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What examples are there in the UK Constitution of institutional overlap of the governing bodies?

- The Cabinet (core executive) are drawn from the ranks of Parliament
- The Monarch retains residual presence across all three branches
- Historically the Lord Chancellor enjoyed legislative, executive and judicial roles
- The Appellate Committee of the House of Lords was a committee of the upper house of Parliament


How did the position of Lord Chancellor represent a challenge to the separation of powers doctrine in the UK?

Up until it's reform in 2003 whoever held this role was effectively a member of all three branches of government - it was considered a 'living refutation of the doctrine of separation of powers in England'.


What were the arguments in favour of the Lord Chancellor role?

The Constitutional Reform Act 2005 reformed the position but up until this point defences of the role had been made by those claiming it was ‘the natural conduit for communications between the judiciary and the executive, so that each fully understands the legitimate objectives of the other’ – Lord Irvine.


How did the role of the Appellate Committee represent a challenge to the separation of powers doctrine?

Up until it was replaced by the UK Supreme Court in 2009 the Appellate Committee of the House of Lords were a committee of the upper house of parliament that were also tasked with administration of judicial functions.


What were the arguments in favour of the Appellate Committee?

The ‘extensive judicial experience’ the Law Lords provided to the House of Lords, enabling them to ‘clarify legal points or help identify issues which require decision’ defend the position somewhat. Also, there was said to be a conferred benefit to the Law Lords by understanding the process through which the legislature created new laws and the considerations they made in doing so which they could usefully utilise in their adjudicative roles.


How did the Senior Law Lord attempt to make the overlap more tolerable?

He sought to clarify how the roles of legislator and adjudicator were to be kept distinct, telling the committee – ‘do not think it appropriate to engage in matters where there is a strong element of party-political controversy’ and reminding them to ‘bear in mind they might render themselves ineligible to sit judicially if they were to express an opinion on a matter which might later be relevant to an appeal to the House’.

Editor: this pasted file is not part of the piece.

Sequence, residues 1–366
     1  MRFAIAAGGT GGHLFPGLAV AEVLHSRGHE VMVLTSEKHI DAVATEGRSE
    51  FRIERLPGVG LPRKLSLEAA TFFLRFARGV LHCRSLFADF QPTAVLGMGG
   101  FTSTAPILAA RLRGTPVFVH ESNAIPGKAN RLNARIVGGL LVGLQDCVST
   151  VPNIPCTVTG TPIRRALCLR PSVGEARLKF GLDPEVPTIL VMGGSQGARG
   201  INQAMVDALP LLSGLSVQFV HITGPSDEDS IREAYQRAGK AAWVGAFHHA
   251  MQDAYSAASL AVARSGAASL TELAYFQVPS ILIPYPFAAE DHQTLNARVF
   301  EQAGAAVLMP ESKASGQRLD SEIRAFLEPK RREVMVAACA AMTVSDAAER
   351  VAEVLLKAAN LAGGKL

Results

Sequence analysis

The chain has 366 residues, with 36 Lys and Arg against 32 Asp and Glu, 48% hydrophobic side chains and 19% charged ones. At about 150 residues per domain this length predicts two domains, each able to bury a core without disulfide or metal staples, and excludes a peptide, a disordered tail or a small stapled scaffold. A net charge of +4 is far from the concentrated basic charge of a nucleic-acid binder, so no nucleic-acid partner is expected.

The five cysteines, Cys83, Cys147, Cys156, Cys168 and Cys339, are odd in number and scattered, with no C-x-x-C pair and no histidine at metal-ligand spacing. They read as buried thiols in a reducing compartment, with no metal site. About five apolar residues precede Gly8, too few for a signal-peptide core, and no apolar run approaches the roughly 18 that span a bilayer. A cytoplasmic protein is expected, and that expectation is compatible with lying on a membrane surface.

How is the position of the monarch problematic to the separation of powers doctrine?

The Queen retains a constitutional presence in respect of all three branches of government. Legislation cannot come into effect without the Royal Assent and it is the Queen who possesses the legal power to summon and prorogue Parliament.
Members of the Cabinet and other Ministers of the Crown are appointed by the monarch and exercise executive functions on her behalf.
The residual role of the monarch in the judicial branch is evident from the fact that the High Court and Court of Appeal are housed in the Royal Courts of Justice and Judicial Review actions reflect the historical view that the function of controlling governmental activity was a matter for the Royal Prerogative.


What serves to make the position of monarch more tolerable to the separation of powers theory?

In many instances the role of the crown is a wholly symbolic or residual one, furthermore, in some cases Conventions serve to significantly weaken the ability of the monarch to exercise her authority in each branch of government.


In which case does Adam Tomkins suggest the problem of constitutional coherence is highlighted?

M v Home Office ...

















To what extent is the judicial role in the UK fused with the other institutions?

The Judicial branch of the UK Constitution is, in the main, functionally and institutionally separate from the legislature and executive.


Which other doctrine promotes the importance of an independent judiciary?

Judicial independence is also supported by the rule of law.


What did Hartley and Griffith say about judicial independence in the UK?

They said it is the one aspect of the separation of powers that is accepted in the British constitution’.


Where does further support for the importance of judicial independence come from?

Constitutionally significant legislation dating back hundreds of years can be seen to provide support for an independent judiciary – Magna Carta 1215 – ‘royal government must function both through judicial processes and with the counsel of the great men of the kingdom’.


What other legislation supports the independence of the judiciary?

The Constitutional Reform Act 2005 obliges Ministers of the Crown to ‘uphold the continued independence of the judiciary’ and the House of Commons Disqualification Act 1975 disqualifies judges from membership to the House of Commons.


What conventions support the independence of the judiciary?

It is a Convention that judges insulate themselves from party politics by resigning any membership of a political party upon appointment, Conventions also protect judges from direct and personal criticisms from ministers in relation to judicial decisions made.


How does the common law support the independence of the judiciary?

The common law on judicial bias makes clear that judges should be independent of the parties to a case, and may be automatically disqualified from sitting if they are found to have a financial or non-pecuniary interest in a given case.


How has the HRA 1998 impacted upon judicial independence?

The HRA 1998 has bolstered the requirement that 'justice should not only be done, but should manifestly and undoubtedly be seen to be done' by introducing Article 6(1). The case law of the ECHR indicates that there is a requirement not only that the judiciary are independent from the parties of the case but that they’re independent from the executive also.